Welcome to my birdwatching blog. This blog will contain stories about my bird watching trips, interesting bird news and other tales that may or may not be bird related. I want to make it useful to the avid birder as well as those who may only have a passing interest in bird watching. I enjoy photographing bird life, common and rare through a spotting scope, not that they always sit still long enough for me. Being on the outskirts of North East London, my reports will not only cover my local patch of Redbridge/Waltham Forest, but also dip into deepest Essex, Suffolk, Kent and Norfolk.


Sunday, 16 November 2014

Stop moving, I’m trying to count you!

With a few spare hours before tripping over to Brentwood for my daughter’s birthday, I could have easily tried to pick up a few more of the ‘easy’ species I’m missing. These include believe it or not, Common Treecreeper, Common Sandpiper or even, a Siskin or a Med Gull. I know it’s pretty pathetic to have these missing by mid November but there you go.

So instead of using these few hours selfishly, I used them wisely. In a moment of madness, I signed myself up to be the WeBS counter through the Lee Valley Park for the BTO. My own little area is Nazeing Meads, used primarily by fishermen and sailing enthusiasts and it comprises of four large expanses of water.

Nazeing Meads

There’s a knack to counting birds. It’s not as simple as just counting each bird while pointing your finger at them. No, they move a lot which is quite inconsiderate of them. After all, the BTO and their surveys are really for their benefit but there’s no telling them I’m afraid.

Counting each individual bird you see can be a challenge, but it can also become valuable information for scientific research. As populations of birds change, those fluctuations may indicate shifts in pollution levels, climate change, habitat loss, migration timing and more.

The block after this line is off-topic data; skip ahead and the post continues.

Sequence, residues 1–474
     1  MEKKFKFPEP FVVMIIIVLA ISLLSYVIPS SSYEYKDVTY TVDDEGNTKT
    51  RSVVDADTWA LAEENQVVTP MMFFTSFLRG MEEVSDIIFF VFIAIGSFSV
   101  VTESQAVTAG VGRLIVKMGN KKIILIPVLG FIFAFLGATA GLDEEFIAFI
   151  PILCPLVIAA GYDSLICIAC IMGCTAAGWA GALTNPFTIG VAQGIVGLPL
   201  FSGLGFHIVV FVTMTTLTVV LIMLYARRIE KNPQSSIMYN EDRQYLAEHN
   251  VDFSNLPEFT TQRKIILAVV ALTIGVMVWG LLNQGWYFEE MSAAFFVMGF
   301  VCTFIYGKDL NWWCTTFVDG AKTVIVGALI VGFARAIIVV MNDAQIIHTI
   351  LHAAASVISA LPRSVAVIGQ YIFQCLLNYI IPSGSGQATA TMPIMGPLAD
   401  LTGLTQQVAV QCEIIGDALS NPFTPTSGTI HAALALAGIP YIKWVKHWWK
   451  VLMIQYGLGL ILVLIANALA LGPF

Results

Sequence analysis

There a few techniques to this counting game. Some of it is common sense and some of it a bit scientific with words like transect and impoundment entering my vocabulary.

Fortunately I had a good map (not the one above) that showed the best advantage points to use to view each impoundment (confined area of water). With this, I was able to get good views of most of each lake. The lakes were mainly covered in Tufted Ducks and Great Crested Grebes. A large flock of Canada Geese flew in but overall, it was fairly easy and straightforward. I would hate to think what might happen if a peregrine came through and everything took to the skies. Start again I suppose.



So for 2 hours, I plotted my route around Nazeing Meads and I was really quite surprised by the numbers of birds I was recording. I was able to estimate large groups of duck by creating a mental grid, counting ten birds and then multiplying that by the area they occupied across the rest of the overall area. I then repeated this in a more point and count way and found the number was only about 3 under from the actual count. You have to allow for density and mixed flocks but essentially when winter really arrives, the wildfowl numbers could increase ten-fold and grid estimates will be the only way to do it.

Goldeneye

Four Goldeneye and a fly by Kingfisher were the highlights and of course, the scenery at 7am is incredible.

View towards South Lake

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